On his return, Clastrier would have taken steps to obtain authorization to pass through the factories of Rio-Tinto to continue exploration, he would then have discovered a fragment of Neolithic or Ligurian pottery, then in a rather narrow passage, he discovered early flint but also bone debris that would correspond to the local fauna, as well as food and meal scraps, sheep teeth, broken and burnt bones, sea shells, limpets, charred wood and coals . But especially knives, scrapers, primitive tools that would have been used in the Neolithic period. Also human bones. "The sought-after relic I found under my fingers. O, how delicately I dig up a head lying on the right side, the mask is regular, the normal type, the jawbone is missing; four strong teeth remained worn and rounded at the edges; the subject has lived for many years. What a surprise ! Once the head is out, all the underside is burned, then all around this head, half-cooked mixed with black earth, bones of large and medium vertebrae, burned and broken but also vases without crumbs, amulets , objects that belonged to the deceased and thrown there in a funeral ceremony which is unknown to us ”.


Massalia, Greek city
The original topography of the site of the Greek city is still largely visible today, despite the important modifications of the nineteenth century. A promontory surrounded by the sea, the site is dominated by three successive buttes: the Butte Saint-Laurent (26 meters above sea level in 1840), the Butte des Moulins (42 meters) and the Butte des Carmes (about 40 meters).

Foundation of the city: the legend of Gyptis and Protis
The founding of Marseille, which dates back to around 600 BC. J. - C., is the fact of Greek colonists come from Phocée, (today Foça in Turkey); this population was particularly favored by the Phocaeans fleeing the Persian invasions in 546 BC.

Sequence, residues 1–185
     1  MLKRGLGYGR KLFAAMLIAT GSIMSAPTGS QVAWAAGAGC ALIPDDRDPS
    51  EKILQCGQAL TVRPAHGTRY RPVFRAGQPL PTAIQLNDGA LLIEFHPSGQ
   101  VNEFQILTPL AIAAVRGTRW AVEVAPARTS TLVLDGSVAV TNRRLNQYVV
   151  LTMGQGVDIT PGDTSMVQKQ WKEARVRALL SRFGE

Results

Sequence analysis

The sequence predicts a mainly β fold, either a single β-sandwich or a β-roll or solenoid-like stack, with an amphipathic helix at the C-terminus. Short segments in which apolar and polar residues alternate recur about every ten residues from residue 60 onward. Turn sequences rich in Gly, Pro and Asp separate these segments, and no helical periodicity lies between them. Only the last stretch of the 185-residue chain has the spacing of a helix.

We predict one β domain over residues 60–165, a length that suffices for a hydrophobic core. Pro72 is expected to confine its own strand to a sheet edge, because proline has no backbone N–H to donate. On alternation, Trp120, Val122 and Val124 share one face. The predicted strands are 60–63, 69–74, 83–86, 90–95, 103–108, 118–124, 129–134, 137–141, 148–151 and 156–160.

The exact conditions of the founding of the city are unknown except for the legend reported by two ancient authors: Justin and Aristotle.

According to Justin, the territory which today forms Marseille was occupied by a tribe of the Ligurians, that of the Ségobriges, which would have settled towards the current Allauch. Two Greek navarchs, Protis and Simos, arrived with their fleet to establish a commercial base in the natural port of Lacydon and participate in the trade in tin and amber. On the day of the arrival of the Greeks, the chief of the Ligurian tribe, Nanos, organized a feast during which his daughter Gyptis had to choose her husband by handing him a cup of water. The Greeks were invited to join in the banquet and the young leader of these, Protis, was chosen, thus sealing the foundation of a new city which he erected on the edges of the horn of Lacydon.

The date of this founding meeting given by various ancient authors is -600, with variations.

If most of the elements of the story come from legend, archaeological discoveries corroborate the presence of Phocaean colonists in Lacydon bay in the sixth century BC.

This myth could however be contradicted by the interpretation of recent excavations on the site of the oppidum of Saint-Blaise. Indeed, according to Jean Chausserie-Laprée, chief heritage curator of the City of Martigues, the archaeological findings published in 2019 could indicate that this oppidum, located on the mouth of the Rhône, about fifty kilometers from the ancient port of Marseile, was the capital of the Ségobriges, and that the Phocaeans had therefore met the Gauls and installed their first fortress there, before founding Marseille.

Evolution of Massalia
Archaeological excavations have revealed the remains of the first traces of Greek habitat directly in contact with virgin soil on the westernmost part of the Butte Saint-Laurent. Very quickly the city grew and extended to the eastern slope of the Butte des Moulins. Finally, it includes the third hill (Carmelites) before the end of the sixth century BC. A last extension during the Hellenistic period allows it to reach an area of ​​approximately 50 hectares, which the city will not exceed before the seventeenth century.

The Greek fortification at the end of the 6th century BC was found at two points in the city: in the Jardin des Vestiges and on the Butte des Carmes, during emergency excavations in the 1980s. A reconstruction took place in the classical Greek period, in the second half of the 4th century BC and, around the middle of the 2nd century BC, the entire fortification is rebuilt in large apparatus of pink limestone. This rampart is still visible in the Jardin des Vestiges.

The interior of the city is divided into blocks, with streets at right angles which constitute coherent sets, adapted to the natural topography of the site. Thus along the shore the tracks have changing axes, while the slopes of mounds are squared in a regular way.